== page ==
Urvashi Sheth is VP of Global Customer Care & Warranty Operations at Western Digital and SVP of Client Services at InterMedia. Below, she shares her journey to the boardroom, which began about 20 years ago when she emigrated from India to the US. Her career has been filled with interesting experiences as she worked with a variety of cultures and led global teams. Below, she shares some key moments in her executive journey that she hope will help other women leaders succeed, from being liked and embraced as a minority woman in leadership to how to leverage your unique strengths as a leader.
If you don’t like me, that’s your problem — not mine
I came to the US from India from a humble background with an undergrad degree in business. There were plenty of challenges, but my interest in working with people and how they use technology landed me a job as a Technical Support Specialist in a mid-level start-up in San Francisco. The good: working with a variety of people from technology novices to experts throughout the country. The bad: “She speaks with an accent,” as heard from angry customers who had technology challenges (or just a bad day) calling me an idiot too because I was not from the US.
Even today, with my Sr. Vice President title and years of experience leading companies from Fortune 500 to startups, I still get interesting comments about my country of origin.
I learned two things from these experiences: first, in my profession of Customer Experience/Service, I will not be able to make everyone happy — but I will keep trying.
Leveraging your strengths as a leader
I stayed in that job in San Francisco for four years, progressing into a Sr. Manager role and eventually being asked to take over the company’s software quality assurance department. I received positive feedback that I have great ability to work with people and build relationships, and to spot where the problems exist and find solutions.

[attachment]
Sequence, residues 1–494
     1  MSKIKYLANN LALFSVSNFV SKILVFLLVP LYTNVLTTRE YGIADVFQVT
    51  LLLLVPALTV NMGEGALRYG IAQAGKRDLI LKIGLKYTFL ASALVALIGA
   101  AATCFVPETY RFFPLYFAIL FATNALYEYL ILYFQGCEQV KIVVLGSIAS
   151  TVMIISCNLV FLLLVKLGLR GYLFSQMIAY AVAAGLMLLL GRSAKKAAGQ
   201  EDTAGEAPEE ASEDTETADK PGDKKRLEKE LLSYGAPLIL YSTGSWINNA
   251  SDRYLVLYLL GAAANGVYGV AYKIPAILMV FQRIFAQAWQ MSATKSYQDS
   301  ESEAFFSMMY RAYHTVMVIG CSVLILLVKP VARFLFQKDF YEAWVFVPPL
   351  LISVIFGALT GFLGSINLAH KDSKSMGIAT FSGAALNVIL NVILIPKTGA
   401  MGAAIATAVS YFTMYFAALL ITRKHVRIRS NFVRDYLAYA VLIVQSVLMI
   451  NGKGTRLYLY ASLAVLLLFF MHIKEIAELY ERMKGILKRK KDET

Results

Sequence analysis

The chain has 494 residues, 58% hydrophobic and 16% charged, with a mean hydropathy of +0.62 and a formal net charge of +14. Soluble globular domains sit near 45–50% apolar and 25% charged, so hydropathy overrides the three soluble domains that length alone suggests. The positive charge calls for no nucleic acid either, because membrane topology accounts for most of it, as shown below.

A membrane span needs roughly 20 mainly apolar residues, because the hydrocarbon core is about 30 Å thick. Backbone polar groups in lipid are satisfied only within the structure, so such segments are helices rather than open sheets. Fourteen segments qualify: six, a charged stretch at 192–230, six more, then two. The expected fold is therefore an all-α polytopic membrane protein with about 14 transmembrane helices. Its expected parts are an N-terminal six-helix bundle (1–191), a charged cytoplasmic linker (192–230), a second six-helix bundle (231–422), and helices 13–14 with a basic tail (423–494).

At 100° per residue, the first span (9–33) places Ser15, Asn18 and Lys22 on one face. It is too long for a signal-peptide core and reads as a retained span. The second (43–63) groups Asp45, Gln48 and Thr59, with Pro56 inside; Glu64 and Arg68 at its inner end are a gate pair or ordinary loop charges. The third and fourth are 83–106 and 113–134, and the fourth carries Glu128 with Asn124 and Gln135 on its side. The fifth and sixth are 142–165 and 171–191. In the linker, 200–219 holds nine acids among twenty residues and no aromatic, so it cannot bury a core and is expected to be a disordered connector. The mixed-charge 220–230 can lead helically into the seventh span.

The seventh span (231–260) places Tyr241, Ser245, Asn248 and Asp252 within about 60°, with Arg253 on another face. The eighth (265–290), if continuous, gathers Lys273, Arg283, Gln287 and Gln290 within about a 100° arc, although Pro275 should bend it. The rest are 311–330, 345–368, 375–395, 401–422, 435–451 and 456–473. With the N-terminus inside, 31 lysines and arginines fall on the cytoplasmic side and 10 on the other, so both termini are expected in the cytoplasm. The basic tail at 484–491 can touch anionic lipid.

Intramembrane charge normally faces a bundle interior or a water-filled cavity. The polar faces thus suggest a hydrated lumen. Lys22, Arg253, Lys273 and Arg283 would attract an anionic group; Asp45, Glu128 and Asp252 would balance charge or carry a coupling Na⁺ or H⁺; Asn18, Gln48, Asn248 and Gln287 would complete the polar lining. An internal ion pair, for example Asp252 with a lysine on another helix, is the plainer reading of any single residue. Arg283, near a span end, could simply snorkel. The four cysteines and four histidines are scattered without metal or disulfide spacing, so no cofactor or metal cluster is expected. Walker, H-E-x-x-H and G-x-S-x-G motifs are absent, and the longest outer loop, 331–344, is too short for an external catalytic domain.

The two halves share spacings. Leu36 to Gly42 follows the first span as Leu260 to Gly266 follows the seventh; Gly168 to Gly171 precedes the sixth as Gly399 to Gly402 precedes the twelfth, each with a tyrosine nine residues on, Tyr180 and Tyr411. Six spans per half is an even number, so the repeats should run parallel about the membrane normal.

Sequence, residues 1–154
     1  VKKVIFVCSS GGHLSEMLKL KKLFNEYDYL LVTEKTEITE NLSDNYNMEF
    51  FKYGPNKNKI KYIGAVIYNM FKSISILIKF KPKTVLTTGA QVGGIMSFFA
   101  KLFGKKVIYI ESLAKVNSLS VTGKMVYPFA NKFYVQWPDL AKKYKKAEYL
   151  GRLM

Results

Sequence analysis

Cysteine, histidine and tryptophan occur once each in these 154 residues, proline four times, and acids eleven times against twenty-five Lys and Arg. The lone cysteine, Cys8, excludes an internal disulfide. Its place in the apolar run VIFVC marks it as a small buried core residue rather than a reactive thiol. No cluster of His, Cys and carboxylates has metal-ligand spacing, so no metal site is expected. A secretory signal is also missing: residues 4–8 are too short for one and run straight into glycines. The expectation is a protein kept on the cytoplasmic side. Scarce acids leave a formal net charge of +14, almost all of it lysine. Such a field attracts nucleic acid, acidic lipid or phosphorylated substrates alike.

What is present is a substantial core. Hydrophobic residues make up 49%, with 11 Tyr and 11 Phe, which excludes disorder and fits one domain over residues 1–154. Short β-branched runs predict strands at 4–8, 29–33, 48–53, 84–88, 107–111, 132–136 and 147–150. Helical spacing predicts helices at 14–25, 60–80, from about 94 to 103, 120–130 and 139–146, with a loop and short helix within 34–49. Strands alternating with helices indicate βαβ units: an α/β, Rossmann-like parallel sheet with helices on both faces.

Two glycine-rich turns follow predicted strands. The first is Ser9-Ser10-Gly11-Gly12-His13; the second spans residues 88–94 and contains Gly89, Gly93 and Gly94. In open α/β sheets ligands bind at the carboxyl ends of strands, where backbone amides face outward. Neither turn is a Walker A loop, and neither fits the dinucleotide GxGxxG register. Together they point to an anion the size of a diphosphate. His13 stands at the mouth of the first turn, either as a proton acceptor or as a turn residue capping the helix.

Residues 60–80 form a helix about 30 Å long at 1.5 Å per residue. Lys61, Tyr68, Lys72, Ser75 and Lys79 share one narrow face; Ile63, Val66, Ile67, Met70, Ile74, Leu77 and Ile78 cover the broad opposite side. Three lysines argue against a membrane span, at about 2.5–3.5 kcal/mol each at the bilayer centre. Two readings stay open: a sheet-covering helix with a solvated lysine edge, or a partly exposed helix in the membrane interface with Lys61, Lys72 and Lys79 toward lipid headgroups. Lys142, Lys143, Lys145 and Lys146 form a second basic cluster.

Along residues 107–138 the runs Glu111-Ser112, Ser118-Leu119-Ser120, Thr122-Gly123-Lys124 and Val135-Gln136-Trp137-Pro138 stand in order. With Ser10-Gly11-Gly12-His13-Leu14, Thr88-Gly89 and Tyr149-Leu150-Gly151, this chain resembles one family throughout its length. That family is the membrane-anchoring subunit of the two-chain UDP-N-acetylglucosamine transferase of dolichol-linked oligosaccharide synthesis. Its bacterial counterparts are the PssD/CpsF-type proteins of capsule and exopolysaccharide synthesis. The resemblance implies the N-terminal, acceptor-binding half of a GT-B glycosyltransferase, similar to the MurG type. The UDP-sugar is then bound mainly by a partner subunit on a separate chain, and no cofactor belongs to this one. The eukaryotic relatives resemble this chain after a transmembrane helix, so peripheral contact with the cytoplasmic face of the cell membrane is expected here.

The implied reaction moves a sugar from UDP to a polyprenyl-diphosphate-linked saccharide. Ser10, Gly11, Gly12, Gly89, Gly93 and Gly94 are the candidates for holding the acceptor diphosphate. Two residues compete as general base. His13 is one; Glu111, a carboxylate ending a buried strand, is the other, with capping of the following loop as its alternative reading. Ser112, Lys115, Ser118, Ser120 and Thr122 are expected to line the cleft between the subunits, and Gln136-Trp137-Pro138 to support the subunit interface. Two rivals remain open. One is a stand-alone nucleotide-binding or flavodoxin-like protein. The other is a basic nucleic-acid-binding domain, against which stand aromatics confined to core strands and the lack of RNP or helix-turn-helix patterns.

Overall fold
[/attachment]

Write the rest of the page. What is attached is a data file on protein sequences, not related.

I decided I am going to pursue my MBA, which was a challenge while raising my then-7-year-old daughter. Despite the long hours and hurdles, my inner sense kept telling me that something was missing in terms of making bigger strides in my career.
A career changing moment came from my boss, who advised that I was focusing too much on my weaknesses and wanting to fix something unnecessarily. As an example, he said I was too worried about my technical knowledge of the software despite having an intuitive ability to understand how humans interface with computers and how to help them use it.
From this conversation, I learned to focus and “exploit” my abilities to their fullest extent, rather than what I was lacking. So, what are my abilities? This prompted me to sit down and take stock of those as well the ones I needed to develop. Problem solving, relationship building, decision making, people skills, communication landed at the top of my list.
Standing in your power as an expert in your field
In 2007, I joined SanDisk as Director of Global Customer Support. In this role, I learned how to work globally with a huge customer base, understand a variety of cultures, and how diverse sets of people work and think and what they expect from each other.
As a woman in a male-dominated field, I certainly faced my fair share of struggles. I was asked questions I was certain a man would never be asked. I overcame this by becoming a knowledge or subject matter expert, coupled with articulating my abilities and ideas. In my experience, people recognize your power and abilities when they see this combination
As I seek my first board seat, I continue to enjoy the myriad of invaluable experiences I am having along the way. The destination is important, but so is enjoying the journey. I hope my story shed some light on important lessons that may help you in the C-suite and beyond.